Godzilla director Gareth Edwards likes his creature comforts
Fanboys everywhere rejoiced when Gareth Edwards, director of the indie hit Monsters, was named as the man to reboot Godzilla. His mum, however, was a little less excited . . .
“Up from the depths, 30 stories high, breathing fire, something, something, something…”
We’re delighted to learn that Gareth Edwards, the newest custodian of the Godzilla franchise, can sing most of the theme song from the much loved 1978 animated series. Remember the cartoon? Remember the cutsey-pie Infant Godzillasaurus, Godzooky? Gareth Edwards does.
“I’m older than you think,” he laughs. “As soon as my friends found out I was working on Godzilla they all started singing the ‘Godzooky’ part of the theme song. Unfortunately, I played along and so did my phone. So I ended up sending some emails to major studios with Godzilla autocorrected to Godzooky. Which can’t have looked good. Not when they’ve just hired me to work on their major summer blockbuster.”
In 2010 Edwards, a visual effects artist, won acclaim and cult hero status as the first time writer-director of Monsters, a spirited and inventive alien invasion picture. The film was subsequently nominated for a Bafta, won three British Independent Film Awards and made $4,242,978 back from its miniscule $500,000 budget.
A sequel, Monsters: Dark Continent, produced by Edwards and rising Monsters star Scoot McNairy (more recently of Lenny Abrahamson’s Frank) started shooting in March.
Still, nobody, including the film-maker, could have guessed that his sophomore picture would be the $170 million-budgeted Godzilla.
How did that phone call go?
“It was all a bit strange. I was on a promotional tour of Northampton – I think – with Monsters. And I got a call from Legendary Pictures asking if I had any ideas to contribute. But I was so busy doing interviews and introducing screenings that I didn’t really have a spare second to think about it. I didn’t end up with time to prepare anything. But I must have said something right.”
Movie fans likely recall that the last time Legendary Pictures tapped up a hot new British talent, he turned out to Christopher Nolan. Edwards ought to have been able to celebrate his enviable new position. But instead, bound by the secrecy that shrouds all major tent-pole releases, he couldn’t even tell his parents.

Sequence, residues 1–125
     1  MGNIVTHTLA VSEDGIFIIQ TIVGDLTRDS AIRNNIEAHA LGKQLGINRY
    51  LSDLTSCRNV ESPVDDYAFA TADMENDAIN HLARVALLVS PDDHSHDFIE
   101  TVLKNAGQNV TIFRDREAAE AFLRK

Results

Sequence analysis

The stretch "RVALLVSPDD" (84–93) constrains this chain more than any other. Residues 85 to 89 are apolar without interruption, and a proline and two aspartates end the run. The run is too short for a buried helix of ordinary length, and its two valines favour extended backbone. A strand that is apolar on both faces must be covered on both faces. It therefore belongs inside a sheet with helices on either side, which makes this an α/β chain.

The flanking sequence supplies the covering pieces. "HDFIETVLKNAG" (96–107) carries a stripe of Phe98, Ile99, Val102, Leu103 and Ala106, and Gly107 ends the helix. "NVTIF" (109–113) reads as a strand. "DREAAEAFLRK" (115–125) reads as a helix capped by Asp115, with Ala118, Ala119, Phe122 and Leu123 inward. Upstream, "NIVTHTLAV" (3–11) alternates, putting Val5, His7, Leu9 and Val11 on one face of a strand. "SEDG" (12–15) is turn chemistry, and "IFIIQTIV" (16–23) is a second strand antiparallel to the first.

“I went home that Christmas and all my family are asking me ‘How’s it going?’ and ‘You working on anything?’ And in my head I’m shouting: ‘I’m working on Godzilla!’ But I couldn’t say it. So months later, I get a phone call from my agent telling me that the story has been leaked and that it’s all over the blogosphere. So I called my mum and told her ‘I’m working on Godzilla’. And because she’s my mum and because I said it nervously, she assumed I was in terrible trouble. So her first response was: ‘Can you get out of it?’ She and dad thought it was like jail or something.”
Born in Nuneaton and schooled in Surrey, Edwards had no obvious connection to the world of the $100 million spectacle. But the 37-year-old, who cites George Lucas, Steven Spielberg and Quentin Tarantino as his primary influences, has always been a dreamer on a monstrously big scale. From the age of six, he watched Star Wars: A New Hope every day. After college, he joined the BBC as a handmade SFX whizz, working on the historical part-works series, Heroes and Villains, and on the Sundance winning documentary, In the Shadow of the Moon.
“I honestly think that if I had grown up in Hollywood I might not have been so interested in making films,” he says. “Part of the attraction was that the world of film-making seemed so exotic and far away. The biggest appeal for me was it felt like leaving the farm and going to Oz. Most people have impossible career dreams when they’re young. They want to be a spaceman or Spider-Man or whatever; this was mine.”